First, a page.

Eton Wick Road, Eton Wick, Berkshire
A modest church of the 1960s, conventionally longitudinal in plan, and displaying architectural and decorative detail typical of its time.
Before St Gilbert’s was opened Eton Wick Catholics attended Mass in the village hall for over a decade. The charge for hire was four shillings a week; the congregation were also required to clear up after the previous evening’s event. In 1954, a fundraising effort was launched to provide a church. Land was purchased for £1,5000 and ten years later the present church was blessed by the bishop, on the day before Palm Sunday, 1964. St Gilbert’s was built to seat about 150, at a cost of £16,000. The architects were Salisbury & Chandler of Exeter. The church was originally served by the Canons Regular of the Lateran from Datchet, hence the dedication to St Gilbert (of Sempringham). It is now served by secular clergy from Our Lady of Peace, Burnham.
Built of brown brick, the church has a wide nave with a tiled roof, attached to a low east tower with hipped roof, also tiled. The nave has five long windows, replaced in uPVC (as have the arched stair windows in the tower). The west gable end has a circular window with a cross motif. Attached to the west end is a brick porch with segmental arched roof and doors on either side of a once-glazed central section. South of the tower is a single-storey, flat-roofed block housing a sacristy and WCs.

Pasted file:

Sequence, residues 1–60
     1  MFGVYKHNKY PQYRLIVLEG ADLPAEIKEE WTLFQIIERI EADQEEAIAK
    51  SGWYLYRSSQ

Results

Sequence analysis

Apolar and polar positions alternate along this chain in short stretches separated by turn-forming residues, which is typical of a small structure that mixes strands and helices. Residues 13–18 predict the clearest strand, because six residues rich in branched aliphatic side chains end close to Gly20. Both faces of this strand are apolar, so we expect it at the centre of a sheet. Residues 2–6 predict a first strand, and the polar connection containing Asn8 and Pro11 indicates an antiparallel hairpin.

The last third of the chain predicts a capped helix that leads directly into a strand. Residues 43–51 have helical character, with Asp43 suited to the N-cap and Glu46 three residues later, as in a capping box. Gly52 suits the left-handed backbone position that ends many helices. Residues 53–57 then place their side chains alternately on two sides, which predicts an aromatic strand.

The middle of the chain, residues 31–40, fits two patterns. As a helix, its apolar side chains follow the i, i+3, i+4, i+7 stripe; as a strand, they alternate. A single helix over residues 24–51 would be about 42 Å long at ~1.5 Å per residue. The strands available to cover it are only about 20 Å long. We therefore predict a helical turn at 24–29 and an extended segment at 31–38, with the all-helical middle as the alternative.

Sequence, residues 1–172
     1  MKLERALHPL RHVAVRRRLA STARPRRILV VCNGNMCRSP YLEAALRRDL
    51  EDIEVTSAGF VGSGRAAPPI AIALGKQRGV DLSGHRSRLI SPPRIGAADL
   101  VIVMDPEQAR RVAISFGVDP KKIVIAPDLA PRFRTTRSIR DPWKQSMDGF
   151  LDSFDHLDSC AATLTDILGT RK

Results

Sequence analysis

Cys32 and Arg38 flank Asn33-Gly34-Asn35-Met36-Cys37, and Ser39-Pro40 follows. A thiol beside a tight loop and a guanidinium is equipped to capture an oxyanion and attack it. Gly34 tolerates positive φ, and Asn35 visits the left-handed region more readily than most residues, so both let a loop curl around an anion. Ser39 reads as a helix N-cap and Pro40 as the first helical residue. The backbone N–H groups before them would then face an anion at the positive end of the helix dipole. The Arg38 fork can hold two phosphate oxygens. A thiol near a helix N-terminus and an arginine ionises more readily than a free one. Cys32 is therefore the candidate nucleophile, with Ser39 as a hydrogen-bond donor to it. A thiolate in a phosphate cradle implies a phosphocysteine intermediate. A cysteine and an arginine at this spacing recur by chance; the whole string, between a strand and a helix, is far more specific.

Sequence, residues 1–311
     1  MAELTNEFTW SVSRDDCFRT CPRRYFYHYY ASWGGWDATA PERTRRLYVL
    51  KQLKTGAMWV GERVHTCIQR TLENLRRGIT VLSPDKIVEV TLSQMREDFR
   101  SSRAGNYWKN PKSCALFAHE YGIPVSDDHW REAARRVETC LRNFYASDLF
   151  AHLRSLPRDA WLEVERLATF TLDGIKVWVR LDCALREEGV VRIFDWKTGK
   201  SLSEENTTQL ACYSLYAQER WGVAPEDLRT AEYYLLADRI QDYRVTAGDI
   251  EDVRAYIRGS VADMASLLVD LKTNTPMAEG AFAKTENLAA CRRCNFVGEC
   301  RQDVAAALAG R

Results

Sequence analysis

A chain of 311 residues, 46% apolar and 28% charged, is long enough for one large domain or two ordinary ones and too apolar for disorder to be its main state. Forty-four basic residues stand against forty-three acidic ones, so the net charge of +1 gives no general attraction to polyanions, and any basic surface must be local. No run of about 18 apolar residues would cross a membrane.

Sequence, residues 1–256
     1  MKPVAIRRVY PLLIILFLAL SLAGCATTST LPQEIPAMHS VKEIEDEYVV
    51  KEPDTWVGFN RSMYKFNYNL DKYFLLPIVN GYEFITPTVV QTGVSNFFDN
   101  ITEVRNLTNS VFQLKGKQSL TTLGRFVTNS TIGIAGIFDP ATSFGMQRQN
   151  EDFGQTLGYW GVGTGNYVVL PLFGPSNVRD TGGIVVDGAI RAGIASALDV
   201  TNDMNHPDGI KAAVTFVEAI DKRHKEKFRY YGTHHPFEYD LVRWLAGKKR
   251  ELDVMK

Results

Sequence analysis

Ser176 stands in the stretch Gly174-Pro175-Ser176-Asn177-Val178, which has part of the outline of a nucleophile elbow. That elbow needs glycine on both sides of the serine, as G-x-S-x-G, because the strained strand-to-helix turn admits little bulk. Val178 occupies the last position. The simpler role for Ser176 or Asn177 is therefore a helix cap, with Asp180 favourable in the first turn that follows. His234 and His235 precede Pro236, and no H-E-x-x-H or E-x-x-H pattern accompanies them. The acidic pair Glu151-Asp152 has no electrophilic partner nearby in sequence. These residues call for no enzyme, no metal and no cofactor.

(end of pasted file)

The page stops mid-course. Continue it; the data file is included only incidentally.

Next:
The interior is plain, with framed bay subdivisions, painted plaster walls, glass globe pendant lights, a wooden floor and a mixture of original pews and stacking chairs. At the west end is a shallow gallery with 1960s geometric patterning across its front and, below, space for a confessional and repository. Behind the altar a wooden crucifix is mounted on the wall; at the northeast end of the nave is a carved wall sculpture of the Virgin and Child.
Architect: Salisbury & Chandler
Original Date: 1963
Conservation Area: No
Listed Grade: Not Listed